No matter how crowded an area may get, we all put in extra effort to avoid touching other strangers’ bodies – and for good reason. From all kinds of bacteria to the simple unpleasant sensation of getting physically close, both humans and certain animals like to keep a distance. But what about plants? Why and, much more importantly, how do some plants actually avoid their branches and leaves from touching each other?
In case you’re thinking this is a joke, it is as real as possible. Although the term of crown shyness has been around for quite a while, it wasn’t until recently that the popularity of this phenomenon amazed the entire planet. Crown shyness is a phenomenon when certain tree species grow very close to one another, but without actually touching the upper branches of other trees. Not even one.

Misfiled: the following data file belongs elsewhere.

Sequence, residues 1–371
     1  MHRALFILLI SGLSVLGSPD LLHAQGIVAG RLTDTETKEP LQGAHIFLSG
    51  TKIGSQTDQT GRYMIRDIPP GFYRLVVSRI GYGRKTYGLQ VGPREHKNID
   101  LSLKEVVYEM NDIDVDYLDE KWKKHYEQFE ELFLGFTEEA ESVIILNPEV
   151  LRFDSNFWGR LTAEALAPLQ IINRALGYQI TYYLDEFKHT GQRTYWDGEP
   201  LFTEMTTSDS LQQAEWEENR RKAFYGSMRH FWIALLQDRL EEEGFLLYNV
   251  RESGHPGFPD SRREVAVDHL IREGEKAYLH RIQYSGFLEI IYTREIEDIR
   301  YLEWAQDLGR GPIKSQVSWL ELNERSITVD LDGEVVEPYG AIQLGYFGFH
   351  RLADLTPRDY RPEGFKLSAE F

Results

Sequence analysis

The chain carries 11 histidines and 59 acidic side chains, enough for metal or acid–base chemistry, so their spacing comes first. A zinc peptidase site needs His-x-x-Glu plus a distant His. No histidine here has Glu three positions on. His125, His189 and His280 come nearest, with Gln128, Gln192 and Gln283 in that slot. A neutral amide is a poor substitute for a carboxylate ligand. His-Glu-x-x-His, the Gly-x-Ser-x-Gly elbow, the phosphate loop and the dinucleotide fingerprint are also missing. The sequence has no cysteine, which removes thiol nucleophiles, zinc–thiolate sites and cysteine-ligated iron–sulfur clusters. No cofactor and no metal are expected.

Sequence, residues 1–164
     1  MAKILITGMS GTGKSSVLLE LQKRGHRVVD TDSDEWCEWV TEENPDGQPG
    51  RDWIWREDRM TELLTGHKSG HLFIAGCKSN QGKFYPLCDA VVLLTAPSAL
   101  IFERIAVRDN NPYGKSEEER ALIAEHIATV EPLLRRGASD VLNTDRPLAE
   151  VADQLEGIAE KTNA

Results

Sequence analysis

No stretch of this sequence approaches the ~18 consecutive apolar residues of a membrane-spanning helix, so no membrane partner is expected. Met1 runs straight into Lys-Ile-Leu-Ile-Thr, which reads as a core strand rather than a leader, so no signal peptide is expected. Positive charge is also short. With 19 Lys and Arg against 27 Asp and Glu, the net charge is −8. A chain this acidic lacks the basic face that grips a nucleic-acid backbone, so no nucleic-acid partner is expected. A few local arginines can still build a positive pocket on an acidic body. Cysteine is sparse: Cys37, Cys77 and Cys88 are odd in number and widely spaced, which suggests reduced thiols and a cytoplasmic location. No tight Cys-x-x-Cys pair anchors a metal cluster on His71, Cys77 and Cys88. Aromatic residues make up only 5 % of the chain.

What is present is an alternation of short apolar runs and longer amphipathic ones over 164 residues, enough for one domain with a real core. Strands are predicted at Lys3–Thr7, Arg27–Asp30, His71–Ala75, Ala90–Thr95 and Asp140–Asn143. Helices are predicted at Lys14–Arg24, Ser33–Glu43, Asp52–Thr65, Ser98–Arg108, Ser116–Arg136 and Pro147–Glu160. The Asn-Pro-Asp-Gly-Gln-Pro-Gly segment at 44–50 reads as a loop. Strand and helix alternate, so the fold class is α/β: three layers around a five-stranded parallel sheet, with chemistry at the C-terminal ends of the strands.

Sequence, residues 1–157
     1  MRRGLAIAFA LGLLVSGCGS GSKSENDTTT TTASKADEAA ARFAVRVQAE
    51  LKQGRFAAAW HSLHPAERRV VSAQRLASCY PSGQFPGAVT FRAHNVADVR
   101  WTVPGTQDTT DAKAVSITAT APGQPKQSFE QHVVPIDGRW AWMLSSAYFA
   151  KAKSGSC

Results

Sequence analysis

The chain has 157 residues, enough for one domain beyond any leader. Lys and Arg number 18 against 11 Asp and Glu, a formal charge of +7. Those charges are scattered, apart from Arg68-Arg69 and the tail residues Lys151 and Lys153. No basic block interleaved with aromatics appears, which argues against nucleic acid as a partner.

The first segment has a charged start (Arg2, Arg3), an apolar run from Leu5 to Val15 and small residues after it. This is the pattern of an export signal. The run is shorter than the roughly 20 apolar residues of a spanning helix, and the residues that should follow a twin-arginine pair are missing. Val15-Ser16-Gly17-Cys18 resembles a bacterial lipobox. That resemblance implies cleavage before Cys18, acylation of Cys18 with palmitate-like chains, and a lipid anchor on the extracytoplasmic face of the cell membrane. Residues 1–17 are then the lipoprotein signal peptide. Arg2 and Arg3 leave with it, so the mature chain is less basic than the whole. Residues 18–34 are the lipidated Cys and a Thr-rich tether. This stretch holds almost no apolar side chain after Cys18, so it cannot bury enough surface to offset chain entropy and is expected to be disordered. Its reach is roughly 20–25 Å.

Of course, such an extraordinary event leads to incredible forest views that make anyone ask twice if nature really achieved such perfection on its own. Aside from the Sci-Fi visual effect, though, lies an even greater mystery: why and how can this happen?
So far, scientists came up with a couple of theories. One would be that trees somehow ‘know’ that staying apart from one another helps them maximize the process of photosynthesis, as they avoid shading considerably more. Another reason might be that the extra distance avoids harmful insects from spreading to other trees.
In the end, each cause sounds both insane and logical, but one thing is for sure: this is a phenomenon worth witnessing right at the spot.